• Nuclear can be flexible and does not undermine the deployment of renewables. Recent findings by the Massachusetts Institute of Technology (MIT) have shown that operating nuclear plants flexibly can reduce overall electricity costs and cut carbon emissions in electric power systems. Developing and releasing the potential of the small modular reactors (SMRs) can also contribute to making nuclear reactors more scalable and potentially decreasing costs and build time requirements;
  • Flexible nuclear operation can help add more wind and solar to the grid. Nuclear and renewables should be partners in fighting climate change, but sadly, some anti-nuclear activists are building barriers and support the narrative of nuclear power undermining the deployment of renewables. The time for action to fight climate change is very tight. Thus, all low-carbon and clean technologies that can contribute to the fight against climate change must be allowed to contribute and be part of the solution;
  • Nuclear power plants are protected against rising sea levels and flooding. The International Atomic Energy Agency (IAEA) global safety standards require operators to take account of risks arising from rising sea levels. It is also important that even in the worst-case scenarios modelled by the IPCC if sea levels rise one metre by 2100, the current nuclear fleet will be already decommissioned, and the new-build power plants can easily be adapted to any potential challenges when being designed and built;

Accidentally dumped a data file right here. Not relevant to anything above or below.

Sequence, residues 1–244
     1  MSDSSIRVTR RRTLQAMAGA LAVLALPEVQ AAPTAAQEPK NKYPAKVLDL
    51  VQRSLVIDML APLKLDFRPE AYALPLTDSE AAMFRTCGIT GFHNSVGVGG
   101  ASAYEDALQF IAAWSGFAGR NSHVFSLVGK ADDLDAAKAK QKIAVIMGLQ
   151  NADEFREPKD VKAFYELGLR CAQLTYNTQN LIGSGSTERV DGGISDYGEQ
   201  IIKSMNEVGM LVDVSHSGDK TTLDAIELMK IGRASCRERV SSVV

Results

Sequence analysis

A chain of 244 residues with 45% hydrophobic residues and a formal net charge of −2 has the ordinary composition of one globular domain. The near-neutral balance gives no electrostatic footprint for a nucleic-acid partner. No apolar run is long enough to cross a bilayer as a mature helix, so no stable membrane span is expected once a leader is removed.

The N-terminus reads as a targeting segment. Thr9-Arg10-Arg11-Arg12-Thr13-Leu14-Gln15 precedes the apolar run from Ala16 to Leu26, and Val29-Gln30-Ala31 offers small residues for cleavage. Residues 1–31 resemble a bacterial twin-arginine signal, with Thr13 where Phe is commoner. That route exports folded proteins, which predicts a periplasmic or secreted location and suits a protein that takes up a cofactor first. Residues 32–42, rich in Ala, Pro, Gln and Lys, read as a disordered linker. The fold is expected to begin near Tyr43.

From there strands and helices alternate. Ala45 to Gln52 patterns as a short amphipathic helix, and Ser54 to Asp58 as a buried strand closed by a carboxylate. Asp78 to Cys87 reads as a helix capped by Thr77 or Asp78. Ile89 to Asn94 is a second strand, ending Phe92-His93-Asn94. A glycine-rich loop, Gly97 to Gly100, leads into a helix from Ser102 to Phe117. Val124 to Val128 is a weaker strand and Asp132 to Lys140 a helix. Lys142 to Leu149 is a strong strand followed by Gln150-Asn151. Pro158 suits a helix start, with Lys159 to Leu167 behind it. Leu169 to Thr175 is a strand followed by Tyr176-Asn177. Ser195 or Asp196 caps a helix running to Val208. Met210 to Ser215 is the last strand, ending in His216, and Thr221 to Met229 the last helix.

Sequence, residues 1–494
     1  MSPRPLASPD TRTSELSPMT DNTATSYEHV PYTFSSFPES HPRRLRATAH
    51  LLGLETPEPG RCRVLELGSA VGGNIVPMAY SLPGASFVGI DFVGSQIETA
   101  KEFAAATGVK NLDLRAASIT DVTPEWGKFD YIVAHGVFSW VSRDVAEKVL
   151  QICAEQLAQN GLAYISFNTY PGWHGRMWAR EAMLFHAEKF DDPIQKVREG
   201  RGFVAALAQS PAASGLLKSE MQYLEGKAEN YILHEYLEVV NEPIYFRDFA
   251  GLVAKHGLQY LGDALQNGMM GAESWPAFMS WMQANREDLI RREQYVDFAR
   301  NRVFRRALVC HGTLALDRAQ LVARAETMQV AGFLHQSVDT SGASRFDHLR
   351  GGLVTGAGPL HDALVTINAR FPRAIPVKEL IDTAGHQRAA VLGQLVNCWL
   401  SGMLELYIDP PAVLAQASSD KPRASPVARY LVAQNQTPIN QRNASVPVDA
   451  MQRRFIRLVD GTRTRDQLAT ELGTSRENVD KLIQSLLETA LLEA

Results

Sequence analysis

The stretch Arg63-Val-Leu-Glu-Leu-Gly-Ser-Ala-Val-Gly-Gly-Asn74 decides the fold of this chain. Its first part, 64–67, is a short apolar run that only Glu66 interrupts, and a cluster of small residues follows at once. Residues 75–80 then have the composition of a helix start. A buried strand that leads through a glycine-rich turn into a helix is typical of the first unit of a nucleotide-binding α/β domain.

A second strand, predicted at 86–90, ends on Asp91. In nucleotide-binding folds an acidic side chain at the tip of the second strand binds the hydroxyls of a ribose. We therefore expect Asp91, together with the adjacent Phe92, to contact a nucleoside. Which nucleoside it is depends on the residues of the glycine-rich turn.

• Both IAEA and EU regulatory framework ensure that nuclear power plants comply with the highest safety standards. The framework applies to the full nuclear lifecycle including the management of nuclear waste and ensures that nuclear waste is safely managed in the long-term. Interim storage solutions that are fully operational worldwide are licensed by competent authorities, comply with the highest safety regimes, are developed in a transparent manner and undergo strict environmental impact assessments;
  • At the same time the nuclear industry, in cooperation with regulators, have identified and, in some cases, have already started to deliver facilities for the safe, long-term disposal of nuclear waste. The European Commission has recently acknowledged that Finland, France and Sweden are advancing their solutions for long term storage of highlevel waste.

"We call on the Commission to follow-up on the TEG Report and enable a 'just' and timely expert assessment of nuclear power regarding the DNSH criteria," the letter reads. "This assessment must be based on scientific evidence and should not be influenced by any political or ideological agenda. Fighting climate change is a matter of the highest urgency, all low-carbon energy sources must be allowed to contribute, and the final Taxonomy on Sustainable Finance must respect these points."

NGOs represented by the signatories to the letter included among them the European Nuclear Society, Nuclear Matters, Bright New World, ClearPath and Energy for Humanity.

Researched and written by World Nuclear News